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Dow hits 10-week high as 'double-dip' fears ease

July 26, 2010 |  3:41 pm

Suddenly, investors live in a perfect world: There’s enough money out there to push the stock market higher and keep bond yields down.

Enjoy it while it lasts.

Wall Street, continuing to see the economic glass as half full rather than half empty, on Monday drove share prices broadly higher for a third straight session, though trading volume was thin.

The Dow Jones industrial average (charted below) rallied 100.81 points, or 1%, to close at 10,525.43, its highest finish since May 17.

Industrials Although rising stock prices often trigger selling in the Treasury bond market -- as money comes out of bonds and goes into stocks -- on Monday the Treasury market was little changed. The 10-year T-note yield held at 2.99%, the same as on Friday.

Plenty of risk-averse investors still must be reluctant to let their Treasuries go.

Yet, despite constant chatter about the potential for a double-dip recession, U.S. equities have rebounded sharply this month, paring their spring losses.

The Standard & Poor’s 500 index, which fell 16% from April 23 to July 2, gained 1.1% to 1,115.01 on Monday. It’s now down 8.4% from its April 23 close and up 8.2% this month.

Market technicians noted that the S&P on Monday closed above its 200-day moving average for the first time since June 22. Many chart-watchers see that as a sign of market strength. And plenty of people are chart-watchers these days, for better or worse.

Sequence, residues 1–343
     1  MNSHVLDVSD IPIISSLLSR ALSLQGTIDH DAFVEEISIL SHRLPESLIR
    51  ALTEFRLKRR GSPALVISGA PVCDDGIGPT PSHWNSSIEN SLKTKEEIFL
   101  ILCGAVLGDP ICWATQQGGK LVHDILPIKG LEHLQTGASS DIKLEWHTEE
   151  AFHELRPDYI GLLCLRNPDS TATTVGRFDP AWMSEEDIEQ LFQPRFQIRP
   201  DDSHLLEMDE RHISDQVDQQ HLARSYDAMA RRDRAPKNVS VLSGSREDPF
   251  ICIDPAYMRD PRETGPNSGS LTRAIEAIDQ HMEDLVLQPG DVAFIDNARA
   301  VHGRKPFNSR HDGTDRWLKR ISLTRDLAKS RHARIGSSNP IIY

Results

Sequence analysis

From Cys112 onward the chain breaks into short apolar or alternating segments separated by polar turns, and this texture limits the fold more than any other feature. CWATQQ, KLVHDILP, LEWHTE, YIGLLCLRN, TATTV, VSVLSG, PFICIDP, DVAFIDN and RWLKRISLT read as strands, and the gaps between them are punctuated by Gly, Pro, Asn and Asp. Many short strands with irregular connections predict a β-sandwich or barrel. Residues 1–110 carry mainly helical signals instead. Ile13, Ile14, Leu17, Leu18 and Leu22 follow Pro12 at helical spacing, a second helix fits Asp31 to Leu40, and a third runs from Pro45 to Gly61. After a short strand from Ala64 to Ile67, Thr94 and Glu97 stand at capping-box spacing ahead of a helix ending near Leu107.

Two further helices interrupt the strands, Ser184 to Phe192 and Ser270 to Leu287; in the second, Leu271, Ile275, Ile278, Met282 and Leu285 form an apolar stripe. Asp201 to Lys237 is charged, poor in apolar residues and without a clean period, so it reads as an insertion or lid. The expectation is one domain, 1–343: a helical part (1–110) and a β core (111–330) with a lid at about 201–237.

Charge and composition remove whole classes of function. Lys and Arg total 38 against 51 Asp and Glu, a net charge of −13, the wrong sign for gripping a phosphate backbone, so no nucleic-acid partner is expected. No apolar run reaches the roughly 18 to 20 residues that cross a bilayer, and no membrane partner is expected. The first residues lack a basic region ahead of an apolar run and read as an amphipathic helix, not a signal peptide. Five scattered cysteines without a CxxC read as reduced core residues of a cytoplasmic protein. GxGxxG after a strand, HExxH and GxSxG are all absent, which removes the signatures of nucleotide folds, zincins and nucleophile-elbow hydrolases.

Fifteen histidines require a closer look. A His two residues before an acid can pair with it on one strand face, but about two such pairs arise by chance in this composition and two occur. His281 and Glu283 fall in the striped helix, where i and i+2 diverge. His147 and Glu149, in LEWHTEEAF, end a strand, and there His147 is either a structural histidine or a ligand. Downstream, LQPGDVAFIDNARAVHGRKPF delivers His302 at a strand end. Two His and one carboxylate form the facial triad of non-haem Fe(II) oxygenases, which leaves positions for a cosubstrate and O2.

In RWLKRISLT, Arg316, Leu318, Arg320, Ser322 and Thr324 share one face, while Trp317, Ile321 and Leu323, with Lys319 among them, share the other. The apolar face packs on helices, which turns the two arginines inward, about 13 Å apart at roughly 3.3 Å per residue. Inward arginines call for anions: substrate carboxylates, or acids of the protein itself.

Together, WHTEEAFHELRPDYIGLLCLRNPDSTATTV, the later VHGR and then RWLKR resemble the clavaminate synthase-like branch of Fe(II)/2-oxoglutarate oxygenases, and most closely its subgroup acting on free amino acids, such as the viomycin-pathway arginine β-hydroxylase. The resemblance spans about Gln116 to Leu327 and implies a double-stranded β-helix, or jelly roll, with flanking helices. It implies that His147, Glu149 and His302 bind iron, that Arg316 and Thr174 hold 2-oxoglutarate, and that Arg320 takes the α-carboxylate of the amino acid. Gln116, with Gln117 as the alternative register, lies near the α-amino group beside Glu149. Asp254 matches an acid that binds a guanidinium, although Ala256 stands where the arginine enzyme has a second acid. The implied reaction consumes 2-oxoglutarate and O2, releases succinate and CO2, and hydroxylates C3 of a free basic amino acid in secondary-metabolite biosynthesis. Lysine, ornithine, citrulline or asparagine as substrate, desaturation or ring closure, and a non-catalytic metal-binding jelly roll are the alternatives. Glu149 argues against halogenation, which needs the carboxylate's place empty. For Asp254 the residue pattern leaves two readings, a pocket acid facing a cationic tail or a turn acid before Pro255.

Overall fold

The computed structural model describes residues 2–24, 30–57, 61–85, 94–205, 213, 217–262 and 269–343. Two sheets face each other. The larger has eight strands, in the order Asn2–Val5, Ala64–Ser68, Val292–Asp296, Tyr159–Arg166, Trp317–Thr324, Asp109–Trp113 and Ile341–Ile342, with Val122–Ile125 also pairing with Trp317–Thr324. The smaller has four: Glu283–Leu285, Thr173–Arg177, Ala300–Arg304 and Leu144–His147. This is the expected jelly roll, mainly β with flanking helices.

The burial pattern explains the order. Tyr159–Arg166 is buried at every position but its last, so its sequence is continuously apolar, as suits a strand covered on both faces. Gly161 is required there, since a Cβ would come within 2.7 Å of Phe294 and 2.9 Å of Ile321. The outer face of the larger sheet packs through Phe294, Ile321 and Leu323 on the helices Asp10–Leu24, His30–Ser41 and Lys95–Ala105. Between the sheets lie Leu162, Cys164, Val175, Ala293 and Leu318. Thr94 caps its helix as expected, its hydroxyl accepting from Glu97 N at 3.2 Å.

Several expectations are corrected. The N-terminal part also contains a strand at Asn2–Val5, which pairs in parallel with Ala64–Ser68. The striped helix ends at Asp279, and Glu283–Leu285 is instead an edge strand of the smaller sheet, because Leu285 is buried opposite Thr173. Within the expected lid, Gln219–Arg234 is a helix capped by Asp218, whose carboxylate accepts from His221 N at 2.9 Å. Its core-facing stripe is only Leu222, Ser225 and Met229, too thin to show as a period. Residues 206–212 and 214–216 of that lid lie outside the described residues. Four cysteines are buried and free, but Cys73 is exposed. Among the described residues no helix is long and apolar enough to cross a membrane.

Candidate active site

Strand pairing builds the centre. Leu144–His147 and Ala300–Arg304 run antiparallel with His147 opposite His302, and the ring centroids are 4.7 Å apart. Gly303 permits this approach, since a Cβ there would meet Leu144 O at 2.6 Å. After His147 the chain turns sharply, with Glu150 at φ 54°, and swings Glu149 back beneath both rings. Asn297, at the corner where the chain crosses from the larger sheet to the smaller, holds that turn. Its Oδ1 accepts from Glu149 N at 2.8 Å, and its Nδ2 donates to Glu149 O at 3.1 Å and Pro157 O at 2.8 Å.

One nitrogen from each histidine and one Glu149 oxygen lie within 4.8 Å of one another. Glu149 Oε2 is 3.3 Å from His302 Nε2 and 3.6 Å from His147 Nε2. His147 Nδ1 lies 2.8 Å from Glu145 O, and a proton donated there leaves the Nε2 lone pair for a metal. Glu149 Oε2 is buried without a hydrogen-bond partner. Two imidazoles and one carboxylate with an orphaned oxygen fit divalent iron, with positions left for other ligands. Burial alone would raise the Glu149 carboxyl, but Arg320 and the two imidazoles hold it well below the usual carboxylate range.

After rallying 3.5% last week, the S&P maintained its momentum after the government reported June new-home-sales data that were better than expected, albeit still depressed. FedEx also helped the mood after raising earnings projections for the year.

It didn’t hurt that European stocks were mostly higher on the first day of market reaction to the results of Europe’s “stress test” of its banks. The data, reported on Friday, showed that most banks passed the test -- which investors seemed to take at face value, even though many analysts were dubious about the veracity of the testing.

Many foreign equity markets this month have been much faster to shake off double-dip-recession worries, as I noted in my weekend column in The Times. See this post too.

If fear levels are dropping in the stock market, should there still be such a robust appetite for Treasury bonds? That appetite will be tested this week as Uncle Sam sells a total of $104 billion of new two-, five- and seven-year notes on Tuesday, Wednesday and Thursday, respectively.

-- Tom Petruno